The Hurt Locker screenwriter Mark Boal and Management 360 have partnered with financier/producer Megan Ellison to option The Boy Who Kicked the Hornet’s Nest, an article about WikiLeaks’ Julian Assange in The New York Times Magazine written by the newspaper’s executive editor Bill Keller. Ellison, an exec producer of True Grit, will finance development through her Annapurna Pictures and she, Boal and Management 360 will produce. Boal might write the film, but that will depend on if he has time […]
His is just the latest in a growing number of Julian Assange/WikiLeaks movies that should continue to swell as more books about the controversial figure get published. I’ve heard DreamWorks is circling Inside WikiLeaks, a book that will be released February 15. It is written by Daniel Domscheit-Berg, Assange’s number 2 at WikiLeaks who defected because he wanted WikiLeaks to apply journalistic discretion in the dispersal of secret government documents while Assange wanted to release as many as he could get his hands on.
There is also the $1.5 million memoir by Assange. Movie/TV rights will be handled by CAA for lit agency Peters Fraser & Dunlop, and rumors are that The Bourne Ultimatum director Paul Greengrass might come attached (insiders said that’s not definitive). Among the other Assange movies that have already mobilized, Universal Pictures will finance and distribute an Alex Gibney-directed documentary on Assange and WikiLeaks that will be produced by Gibney and former Universal Pictures chairman Marc Shmuger, and HBO is in talks with BBC to collaborate on a pic that would be based partly on Raffi Khatchadourian’s New Yorker article No Secrets: Julian Assange’s Mission for Total Transparency. Another documentary, WikiLeaks: War, Lies and Videotape has been picked up to be distributed by Zodiak. There are two more books available for movies: WME is handling Megaleaks by Andy Greenberg, and there is also WikiLeaks: Inside Julian Assange’s War On Secrecy is coming from David Leigh and Luke Harding, two reporters from UK’s The Guardian who were the first to receive leaks from Assange and then shared them with Der Spiegel and The New York Times.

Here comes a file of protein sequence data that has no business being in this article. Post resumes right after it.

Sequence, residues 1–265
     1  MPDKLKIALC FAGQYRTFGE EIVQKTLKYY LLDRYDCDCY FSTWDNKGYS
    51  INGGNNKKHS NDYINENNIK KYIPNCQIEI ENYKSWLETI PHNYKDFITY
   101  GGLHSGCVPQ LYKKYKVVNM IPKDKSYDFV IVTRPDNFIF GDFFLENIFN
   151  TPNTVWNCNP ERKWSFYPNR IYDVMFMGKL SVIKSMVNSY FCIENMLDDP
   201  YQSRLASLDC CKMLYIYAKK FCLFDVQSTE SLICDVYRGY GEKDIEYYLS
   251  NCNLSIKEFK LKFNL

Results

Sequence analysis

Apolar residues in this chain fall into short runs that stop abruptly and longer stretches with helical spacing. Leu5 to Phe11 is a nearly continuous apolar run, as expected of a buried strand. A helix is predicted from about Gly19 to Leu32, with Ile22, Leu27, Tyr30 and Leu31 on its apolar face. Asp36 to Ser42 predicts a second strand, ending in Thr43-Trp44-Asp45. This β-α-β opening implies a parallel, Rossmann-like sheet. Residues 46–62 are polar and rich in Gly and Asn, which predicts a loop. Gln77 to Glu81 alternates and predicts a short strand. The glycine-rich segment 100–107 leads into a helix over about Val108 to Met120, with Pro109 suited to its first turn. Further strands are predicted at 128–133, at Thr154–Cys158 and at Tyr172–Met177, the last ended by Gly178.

All of this is to be expected, of course—Hollywood has a track record of presenting the United States government as the bad guy in our conflicts abroad, from Vietnam onward. They pretty consistently bomb at the box office, but Hollywood keeps churning them out anyway, their left-wing ideology drowning out whatever good business sense or understanding of what the audience wants they may have.
Bill Clinton. Keith Olbermann. Chris Matthews. Dick Durbin. Scott Feldstein. Jay Bullock. David Frum. Paul Krugman. The New York Times. Jonathan Alter. Bob Kerrey. James Clyburn. Joan Walsh. Robert Brady. Jon Justice, Jane Fonda, Michael Moore, Patton Oswald, Elizabeth Banks, Roger Ebert, John Legend, Josh Groban. Markos Moulitsas. Stuart Shapiro. Patrick Kennedy. Chris Liebenthal. John Kerry. Ed Schultz and Bill Press. Clarence Dupnik. Aaron Mehta.